Online Community ROI

At the recent Online Community Business Forum, Joe Cothrel and I presented on Online Community ROI.

Specifically, we proposed the notion that there was enough publicly available data and likely enough data internally that most companies could put together a model that describes the ROI of its’ Online Community Investments.

Session 3: Online Community ROI
Publicly available stats (compiled by Joe)

– Community users remain customers 50% longer than non-community users. (AT&T, 2002)
– 43% of support forums visits are in lieu of opening up a support case. (Cisco, 2004).
– Community users spend 54% more than non-community users (EBay, 2006)
– In customer support, live interaction costs 87% more per transaction on average than forums and other web self-service options. (ASP, 2002)
– Cost per interaction in customers support averages $12 via the contact center versus $0.25 via self-service options. (Forrester, 2006)
– Community users visit nine times more often than non-community users (McKInsey, 2000).
– Community users have four times as many page views as non-community users (McKInsey, 2000).
– 56% percent of online community members log in once a day or more (Annenberg, 2007)
– Customers report good experiences in forums more than twice as often as they do via calls or mail. (Jupiter, 2006)

From the Forum One OC ROI Survey (April 2007):
– Only 22% of respondents had clear ROI Model
– 42% had staff of 1-5 people
– 49% Report Monthly to Mgmt
– Establishing ROI Model was a priority for most respondents in the near term

Full powerpoint deck here.

15 responses to “Online Community ROI”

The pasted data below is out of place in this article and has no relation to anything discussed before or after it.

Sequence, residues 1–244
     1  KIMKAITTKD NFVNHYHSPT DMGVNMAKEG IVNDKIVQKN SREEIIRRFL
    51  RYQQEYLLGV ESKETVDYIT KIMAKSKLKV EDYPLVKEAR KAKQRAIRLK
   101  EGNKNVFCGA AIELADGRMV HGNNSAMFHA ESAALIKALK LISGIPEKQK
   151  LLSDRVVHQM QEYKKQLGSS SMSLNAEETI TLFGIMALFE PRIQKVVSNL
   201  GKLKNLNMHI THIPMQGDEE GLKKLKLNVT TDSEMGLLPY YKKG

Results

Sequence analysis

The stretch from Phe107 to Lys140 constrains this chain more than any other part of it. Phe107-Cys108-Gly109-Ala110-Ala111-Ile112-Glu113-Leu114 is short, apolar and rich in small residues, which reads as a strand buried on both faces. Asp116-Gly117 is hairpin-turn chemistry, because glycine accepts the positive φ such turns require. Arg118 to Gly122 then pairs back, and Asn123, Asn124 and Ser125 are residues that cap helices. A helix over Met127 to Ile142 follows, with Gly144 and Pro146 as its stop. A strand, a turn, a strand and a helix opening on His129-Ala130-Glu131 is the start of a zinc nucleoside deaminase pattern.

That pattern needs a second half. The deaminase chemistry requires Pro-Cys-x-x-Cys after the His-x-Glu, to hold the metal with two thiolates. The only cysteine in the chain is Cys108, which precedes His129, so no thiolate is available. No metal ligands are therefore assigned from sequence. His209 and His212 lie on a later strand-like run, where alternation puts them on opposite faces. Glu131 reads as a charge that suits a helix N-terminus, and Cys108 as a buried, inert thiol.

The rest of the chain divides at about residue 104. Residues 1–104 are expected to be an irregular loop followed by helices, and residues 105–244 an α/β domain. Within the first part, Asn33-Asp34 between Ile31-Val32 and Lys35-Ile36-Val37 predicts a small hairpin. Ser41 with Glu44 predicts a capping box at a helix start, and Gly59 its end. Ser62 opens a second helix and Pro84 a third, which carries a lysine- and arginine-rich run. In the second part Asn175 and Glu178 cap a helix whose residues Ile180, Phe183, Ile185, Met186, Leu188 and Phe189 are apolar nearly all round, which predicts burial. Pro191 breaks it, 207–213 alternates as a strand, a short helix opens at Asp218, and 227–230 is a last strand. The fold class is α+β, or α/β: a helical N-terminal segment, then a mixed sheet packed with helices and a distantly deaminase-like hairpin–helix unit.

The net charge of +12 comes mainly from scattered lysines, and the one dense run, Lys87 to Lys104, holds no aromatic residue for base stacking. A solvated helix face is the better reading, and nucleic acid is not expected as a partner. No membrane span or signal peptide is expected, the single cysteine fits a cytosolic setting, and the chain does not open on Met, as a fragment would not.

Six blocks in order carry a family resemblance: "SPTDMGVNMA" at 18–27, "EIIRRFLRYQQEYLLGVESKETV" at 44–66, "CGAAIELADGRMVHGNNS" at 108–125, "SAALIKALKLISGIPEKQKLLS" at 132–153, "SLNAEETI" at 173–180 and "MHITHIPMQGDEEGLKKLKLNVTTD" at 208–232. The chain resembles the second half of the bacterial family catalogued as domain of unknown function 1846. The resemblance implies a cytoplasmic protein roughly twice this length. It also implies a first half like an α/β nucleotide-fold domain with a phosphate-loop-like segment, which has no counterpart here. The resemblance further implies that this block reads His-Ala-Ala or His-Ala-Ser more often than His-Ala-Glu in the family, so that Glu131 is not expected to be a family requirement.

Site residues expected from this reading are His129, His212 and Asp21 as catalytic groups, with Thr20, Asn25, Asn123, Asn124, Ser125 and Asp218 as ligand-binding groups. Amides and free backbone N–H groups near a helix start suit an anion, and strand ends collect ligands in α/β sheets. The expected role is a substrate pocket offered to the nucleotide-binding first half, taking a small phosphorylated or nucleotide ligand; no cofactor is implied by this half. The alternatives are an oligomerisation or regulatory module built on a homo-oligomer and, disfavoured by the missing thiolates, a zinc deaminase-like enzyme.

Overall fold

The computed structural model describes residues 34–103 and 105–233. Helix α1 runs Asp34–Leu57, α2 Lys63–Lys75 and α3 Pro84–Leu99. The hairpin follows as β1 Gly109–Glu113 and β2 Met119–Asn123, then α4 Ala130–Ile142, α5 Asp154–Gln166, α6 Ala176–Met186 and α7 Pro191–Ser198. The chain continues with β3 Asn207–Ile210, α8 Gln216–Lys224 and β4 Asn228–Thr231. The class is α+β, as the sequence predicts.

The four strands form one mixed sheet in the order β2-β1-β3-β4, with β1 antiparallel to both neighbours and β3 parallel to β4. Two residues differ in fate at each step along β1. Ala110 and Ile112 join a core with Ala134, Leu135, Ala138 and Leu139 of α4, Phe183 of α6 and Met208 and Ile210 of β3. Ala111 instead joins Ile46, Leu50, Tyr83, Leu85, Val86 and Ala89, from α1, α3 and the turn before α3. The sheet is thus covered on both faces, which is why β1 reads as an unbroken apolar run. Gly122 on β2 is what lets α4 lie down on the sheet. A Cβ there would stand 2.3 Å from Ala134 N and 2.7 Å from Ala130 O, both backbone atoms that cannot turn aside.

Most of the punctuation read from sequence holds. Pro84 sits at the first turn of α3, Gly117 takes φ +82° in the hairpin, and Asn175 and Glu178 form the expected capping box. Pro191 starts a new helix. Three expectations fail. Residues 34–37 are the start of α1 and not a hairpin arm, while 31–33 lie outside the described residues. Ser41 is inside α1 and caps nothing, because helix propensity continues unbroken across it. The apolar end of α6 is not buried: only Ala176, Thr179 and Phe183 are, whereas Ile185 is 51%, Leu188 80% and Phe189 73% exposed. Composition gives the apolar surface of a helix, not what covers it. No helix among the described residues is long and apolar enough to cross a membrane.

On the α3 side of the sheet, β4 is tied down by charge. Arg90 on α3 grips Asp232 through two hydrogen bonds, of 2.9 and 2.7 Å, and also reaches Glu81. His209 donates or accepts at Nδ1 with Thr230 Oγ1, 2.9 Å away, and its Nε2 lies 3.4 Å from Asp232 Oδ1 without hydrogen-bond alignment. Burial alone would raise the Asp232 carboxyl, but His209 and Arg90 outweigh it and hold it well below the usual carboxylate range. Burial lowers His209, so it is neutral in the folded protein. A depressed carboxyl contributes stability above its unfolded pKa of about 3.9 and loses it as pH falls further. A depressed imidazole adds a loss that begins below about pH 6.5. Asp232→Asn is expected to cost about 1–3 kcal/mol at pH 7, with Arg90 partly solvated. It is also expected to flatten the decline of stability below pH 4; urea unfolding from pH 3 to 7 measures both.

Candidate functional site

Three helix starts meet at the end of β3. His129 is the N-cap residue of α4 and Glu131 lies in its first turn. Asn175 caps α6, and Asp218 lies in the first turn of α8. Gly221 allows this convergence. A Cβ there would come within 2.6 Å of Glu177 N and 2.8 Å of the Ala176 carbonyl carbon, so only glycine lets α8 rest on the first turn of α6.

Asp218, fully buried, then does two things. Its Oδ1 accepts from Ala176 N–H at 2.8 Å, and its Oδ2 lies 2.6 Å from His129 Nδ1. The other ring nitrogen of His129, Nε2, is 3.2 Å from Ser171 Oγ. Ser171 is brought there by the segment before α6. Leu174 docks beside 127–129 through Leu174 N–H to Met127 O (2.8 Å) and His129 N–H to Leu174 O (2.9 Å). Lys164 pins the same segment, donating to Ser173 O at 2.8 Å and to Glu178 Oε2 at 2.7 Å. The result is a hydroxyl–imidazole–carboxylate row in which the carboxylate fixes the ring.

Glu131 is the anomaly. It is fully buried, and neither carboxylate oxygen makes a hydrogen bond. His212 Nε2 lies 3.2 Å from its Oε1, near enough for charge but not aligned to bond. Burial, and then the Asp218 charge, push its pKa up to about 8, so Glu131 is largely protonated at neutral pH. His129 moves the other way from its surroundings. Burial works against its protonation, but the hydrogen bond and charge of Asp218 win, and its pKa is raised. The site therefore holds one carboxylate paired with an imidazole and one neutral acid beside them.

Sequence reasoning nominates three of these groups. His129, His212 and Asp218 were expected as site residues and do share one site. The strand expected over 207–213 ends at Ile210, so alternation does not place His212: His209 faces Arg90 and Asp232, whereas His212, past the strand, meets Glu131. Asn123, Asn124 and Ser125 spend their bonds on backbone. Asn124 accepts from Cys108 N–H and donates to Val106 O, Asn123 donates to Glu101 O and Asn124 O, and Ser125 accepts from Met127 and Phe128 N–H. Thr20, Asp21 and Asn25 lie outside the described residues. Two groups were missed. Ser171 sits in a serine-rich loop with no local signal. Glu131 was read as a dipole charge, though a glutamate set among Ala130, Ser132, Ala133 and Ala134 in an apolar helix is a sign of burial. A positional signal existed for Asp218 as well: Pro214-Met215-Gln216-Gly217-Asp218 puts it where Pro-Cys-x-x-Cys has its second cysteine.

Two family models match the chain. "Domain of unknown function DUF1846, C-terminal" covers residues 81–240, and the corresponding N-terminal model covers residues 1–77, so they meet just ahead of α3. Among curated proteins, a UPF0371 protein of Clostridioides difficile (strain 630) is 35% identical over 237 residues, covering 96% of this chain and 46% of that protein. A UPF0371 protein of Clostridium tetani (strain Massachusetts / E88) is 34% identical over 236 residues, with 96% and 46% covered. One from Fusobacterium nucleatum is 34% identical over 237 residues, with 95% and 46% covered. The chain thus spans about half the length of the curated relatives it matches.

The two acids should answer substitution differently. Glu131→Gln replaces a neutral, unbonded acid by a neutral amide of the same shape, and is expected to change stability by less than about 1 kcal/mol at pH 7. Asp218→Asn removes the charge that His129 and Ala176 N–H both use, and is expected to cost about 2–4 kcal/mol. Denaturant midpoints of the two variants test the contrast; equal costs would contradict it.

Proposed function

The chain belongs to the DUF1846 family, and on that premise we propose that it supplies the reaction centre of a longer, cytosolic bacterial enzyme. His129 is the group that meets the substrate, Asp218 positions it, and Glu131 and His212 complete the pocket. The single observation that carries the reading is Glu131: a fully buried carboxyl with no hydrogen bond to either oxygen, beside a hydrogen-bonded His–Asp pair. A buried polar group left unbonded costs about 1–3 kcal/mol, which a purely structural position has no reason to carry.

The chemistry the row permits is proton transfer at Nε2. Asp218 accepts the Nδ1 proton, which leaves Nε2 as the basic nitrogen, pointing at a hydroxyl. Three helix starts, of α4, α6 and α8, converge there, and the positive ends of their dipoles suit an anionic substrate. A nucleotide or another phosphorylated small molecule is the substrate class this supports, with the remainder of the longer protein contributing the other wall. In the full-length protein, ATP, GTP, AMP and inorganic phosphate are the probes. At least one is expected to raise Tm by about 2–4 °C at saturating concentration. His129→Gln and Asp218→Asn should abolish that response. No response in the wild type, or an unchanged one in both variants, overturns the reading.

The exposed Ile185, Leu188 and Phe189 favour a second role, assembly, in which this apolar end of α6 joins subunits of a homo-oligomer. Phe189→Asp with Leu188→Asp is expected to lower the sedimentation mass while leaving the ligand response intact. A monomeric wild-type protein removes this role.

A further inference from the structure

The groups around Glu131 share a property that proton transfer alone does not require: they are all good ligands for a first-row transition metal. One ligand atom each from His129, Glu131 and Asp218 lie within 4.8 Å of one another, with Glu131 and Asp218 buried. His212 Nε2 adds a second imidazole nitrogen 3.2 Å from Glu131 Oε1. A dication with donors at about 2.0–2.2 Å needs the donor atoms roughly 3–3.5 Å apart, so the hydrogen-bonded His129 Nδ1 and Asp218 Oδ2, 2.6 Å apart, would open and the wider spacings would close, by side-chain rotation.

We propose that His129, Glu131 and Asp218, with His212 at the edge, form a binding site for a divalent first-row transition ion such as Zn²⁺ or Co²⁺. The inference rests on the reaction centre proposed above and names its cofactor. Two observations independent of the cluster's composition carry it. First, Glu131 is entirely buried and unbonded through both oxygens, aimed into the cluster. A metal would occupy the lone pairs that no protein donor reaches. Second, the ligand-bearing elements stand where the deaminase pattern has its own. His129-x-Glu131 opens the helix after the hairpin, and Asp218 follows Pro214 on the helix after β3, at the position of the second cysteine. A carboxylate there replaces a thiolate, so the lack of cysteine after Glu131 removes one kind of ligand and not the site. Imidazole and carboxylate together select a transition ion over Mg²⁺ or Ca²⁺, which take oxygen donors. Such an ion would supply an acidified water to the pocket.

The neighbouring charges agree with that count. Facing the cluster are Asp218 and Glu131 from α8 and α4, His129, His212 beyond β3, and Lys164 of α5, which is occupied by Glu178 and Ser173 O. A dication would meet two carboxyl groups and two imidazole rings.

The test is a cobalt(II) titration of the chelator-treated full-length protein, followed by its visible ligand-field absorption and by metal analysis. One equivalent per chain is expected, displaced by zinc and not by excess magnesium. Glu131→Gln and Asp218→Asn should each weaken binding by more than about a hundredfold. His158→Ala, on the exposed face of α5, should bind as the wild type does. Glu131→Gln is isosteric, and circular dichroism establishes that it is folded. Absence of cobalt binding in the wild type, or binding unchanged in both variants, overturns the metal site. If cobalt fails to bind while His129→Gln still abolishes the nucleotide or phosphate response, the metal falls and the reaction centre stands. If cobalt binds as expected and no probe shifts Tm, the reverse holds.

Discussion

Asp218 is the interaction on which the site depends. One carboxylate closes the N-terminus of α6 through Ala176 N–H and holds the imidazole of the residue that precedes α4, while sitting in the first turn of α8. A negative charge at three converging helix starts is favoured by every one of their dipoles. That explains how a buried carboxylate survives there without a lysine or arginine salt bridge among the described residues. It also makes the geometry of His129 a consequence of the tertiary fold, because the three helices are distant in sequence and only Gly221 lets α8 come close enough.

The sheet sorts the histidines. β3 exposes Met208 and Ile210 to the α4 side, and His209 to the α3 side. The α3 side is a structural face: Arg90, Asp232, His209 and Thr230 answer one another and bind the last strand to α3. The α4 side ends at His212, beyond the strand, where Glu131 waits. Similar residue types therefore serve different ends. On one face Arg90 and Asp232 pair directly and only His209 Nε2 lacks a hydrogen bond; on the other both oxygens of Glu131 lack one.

1. Doing some research on communities and ROI and came across your post. Thanks for posting your deck .. excellent resource. Ditto Dave’s request any references to the stats would be much appreciated.

  2. […] Of course, this all begs the question: what is the future of ecommerce going to look like? After all, one of the biggest players in legitimizing ecommere was eBay, and they’re product has always been relatively social in nature — a kind of Web 1.5, if you will. In fact, the ROI of social communities dawned on eBay relatively early when they noticed that forum users spend 54% more than non-community users. […]

  3. […] Social media has lurked around the edges of igaming for a while now. Not only have operators themselves (especially in the Bingo vertical) been providing increasingly social experiences for their players, but other third-parties, such as affiliates, have begun to follow suit by offering their own community experiences online. It seems, then, that the greatest potential for social media in igaming is more of a cost-effective retention strategy rather than an outright acquisition channel. Just consider some of the following numbers: […]

Leave a Reply

Fill in your details below or click an icon to log in: Logo

You are commenting using your account. Log Out /  Change )

Twitter picture

You are commenting using your Twitter account. Log Out /  Change )

Facebook photo

You are commenting using your Facebook account. Log Out /  Change )

Connecting to %s

%d bloggers like this: